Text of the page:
Side Effects May Include, But Are Not Limited To…

Here’s what you can expect when you begin taking Tecfidera for your Multiple Sclerosis.


Ok so you are just chilling at work or driving your car… you took a Tecfidera pill hours ago… and BOOM your body turns up the heat.  Your face turns bright red, so do your arms and chest.  Your nose burns, your lips burn, your ears burn.  You’re all itchy… Like rashy, itchy.  Your crotch heats up… This didn’t happen the first time – it happens this time – COOL!  Then it goes away.  They say to take an aspirin with the pill to help – it didn’t.

Dry Mouth

Some people call it cotton mouth.  If you are a weed smoking king, you call it Kotton Mouth. Either way your mouth feels like dirt and water doesn’t help.  Your eyes and nose are dry too.  This goes away but not as quickly as the flushing.

Stomach Stuff

Sooooooo you kind of feel like you want to puke, but also like you aren’t hungry and your stomach kind of feels weird.  If you eat food with the pill it’s supposed to make it not happen.  I don’t like breakfast so I force myself to eat in the morning so this won’t happen.  So far, not so bad.  But I’m only taking 1/4 of what I will be taking eventually.

Admitting You Have MS

Before taking Tecfidera I didn’t have MS.  I mean, I did – but now I really have it.  I am taking medication to slow down the disease that wants to paralyze me.  I’ve owned up to it.  And I need to get through the side effects so that I can hopefully live a better life.

Making Your Mother Happy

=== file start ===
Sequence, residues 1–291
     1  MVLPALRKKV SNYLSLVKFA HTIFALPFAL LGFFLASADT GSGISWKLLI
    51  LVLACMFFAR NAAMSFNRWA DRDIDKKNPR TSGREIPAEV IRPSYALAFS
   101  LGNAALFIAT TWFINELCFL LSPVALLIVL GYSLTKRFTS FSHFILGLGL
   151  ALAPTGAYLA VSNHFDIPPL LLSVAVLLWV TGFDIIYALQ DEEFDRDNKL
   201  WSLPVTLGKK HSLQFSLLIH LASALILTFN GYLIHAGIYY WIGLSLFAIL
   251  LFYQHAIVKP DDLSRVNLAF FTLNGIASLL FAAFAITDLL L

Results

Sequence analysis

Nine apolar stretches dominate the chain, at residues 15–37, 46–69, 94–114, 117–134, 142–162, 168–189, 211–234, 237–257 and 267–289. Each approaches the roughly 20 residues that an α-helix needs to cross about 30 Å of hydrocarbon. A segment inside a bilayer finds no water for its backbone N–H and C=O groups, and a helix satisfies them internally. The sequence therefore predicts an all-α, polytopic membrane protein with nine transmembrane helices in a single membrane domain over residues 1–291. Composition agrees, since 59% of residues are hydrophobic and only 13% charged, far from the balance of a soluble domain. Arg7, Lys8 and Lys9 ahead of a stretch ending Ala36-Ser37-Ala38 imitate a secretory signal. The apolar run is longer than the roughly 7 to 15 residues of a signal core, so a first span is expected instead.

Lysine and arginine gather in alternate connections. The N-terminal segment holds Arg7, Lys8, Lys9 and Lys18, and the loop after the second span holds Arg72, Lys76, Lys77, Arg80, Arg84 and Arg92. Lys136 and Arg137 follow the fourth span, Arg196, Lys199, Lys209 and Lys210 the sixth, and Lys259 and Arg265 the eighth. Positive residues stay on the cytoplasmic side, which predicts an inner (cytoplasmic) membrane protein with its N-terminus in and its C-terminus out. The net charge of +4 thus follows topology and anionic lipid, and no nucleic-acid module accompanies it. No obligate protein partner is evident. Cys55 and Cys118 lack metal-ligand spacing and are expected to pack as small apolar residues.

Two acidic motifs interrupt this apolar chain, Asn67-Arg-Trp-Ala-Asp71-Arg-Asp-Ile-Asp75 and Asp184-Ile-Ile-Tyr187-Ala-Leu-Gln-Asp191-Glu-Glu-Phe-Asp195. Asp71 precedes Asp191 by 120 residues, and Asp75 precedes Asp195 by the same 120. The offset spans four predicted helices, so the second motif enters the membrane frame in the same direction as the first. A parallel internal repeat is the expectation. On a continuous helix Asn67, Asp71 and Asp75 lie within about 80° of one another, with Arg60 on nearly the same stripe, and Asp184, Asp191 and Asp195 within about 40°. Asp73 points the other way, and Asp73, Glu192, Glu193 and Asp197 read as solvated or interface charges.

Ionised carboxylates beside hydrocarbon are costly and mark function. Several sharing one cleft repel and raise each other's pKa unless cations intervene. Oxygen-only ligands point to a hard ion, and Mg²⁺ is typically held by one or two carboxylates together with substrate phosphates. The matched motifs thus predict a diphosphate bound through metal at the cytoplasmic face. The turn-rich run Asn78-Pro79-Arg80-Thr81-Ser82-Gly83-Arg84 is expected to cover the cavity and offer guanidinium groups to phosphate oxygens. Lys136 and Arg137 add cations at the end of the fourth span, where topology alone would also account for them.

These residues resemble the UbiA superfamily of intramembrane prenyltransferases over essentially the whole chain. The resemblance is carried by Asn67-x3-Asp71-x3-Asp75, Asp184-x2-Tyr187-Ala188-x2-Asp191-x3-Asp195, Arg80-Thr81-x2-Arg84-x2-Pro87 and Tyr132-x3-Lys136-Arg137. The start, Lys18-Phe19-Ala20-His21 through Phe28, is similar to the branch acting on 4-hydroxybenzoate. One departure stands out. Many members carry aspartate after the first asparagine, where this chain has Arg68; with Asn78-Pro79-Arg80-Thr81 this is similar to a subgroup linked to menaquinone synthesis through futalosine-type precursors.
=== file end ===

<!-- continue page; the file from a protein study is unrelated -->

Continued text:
My mom’s husband died last week.  I went to stay with her and help her during this time.  She told me I had to bring my medication and start taking it.  She watched her husband become paralyzed from the waist down and slowly die because of cancer over the last month.  She said don’t wait… waiting won’t do anything but make it worse. I took my first pill in front of her.

Also you might get PML and become paralyzed or die even though this what you are trying to avoid… MEDICINE!


The Pill Makes it Rill

I still haven’t been approved by my insurance for the medication that my neurologist wants me to take.  I was denied, he filed an appeal, and I’m still waiting… But fear not!  The medicine company has a plan.  They are willing to give me a 2 week free trial – a quick start program – to the medication until my insurance decides if they think it’s worth me taking the new and stronger medication to prevent the chance that I could lose feeling in my arms, legs or even lose the ability to control my bowels.

I get 2 weeks of the medication, and if by day 10 I still haven’t heard from my insurance – I contact Biogen again and they will give me ANOTHER 2 week dose of the medication that could potentially prevent me from being paralyzed or losing the ability to speak until my insurance decides if I really need it.

And if the worse happens and my insurance denies me the medication that could keep me from losing my eyesight or being in constant pain as MS attacks my nervous system, well then they will gladly talk with me about financial assistance to assist me with medication that costs around 6 grand a month that could help me live a more normal life without the use of a cane or having to use a feeding tube because the MS has damaged the part of my brain that controls swallowing.

I’m not rushing my insurance to make up their mind.  I’ve received the free trial but I haven’t taken them yet.


The pill makes it rill.  The pill makes the MS rill.  It makes my condition rill, my symptoms rill, my chances of being paralyzed rill, the chance that I lose feeling in my arms and legs rill, not being able to control my bowels rill, losing the ability to speak rill, maybe having a feeding tube someday rill.

Taking a pill 2 times a day for the rest of my life makes it rill.  Riller than I want it to be.


So you just learned that you have a disease.  A good one… sayyyyy MS.  What’s the first step?


Now, with MS… the hashtagging game is gonna be a bit tricky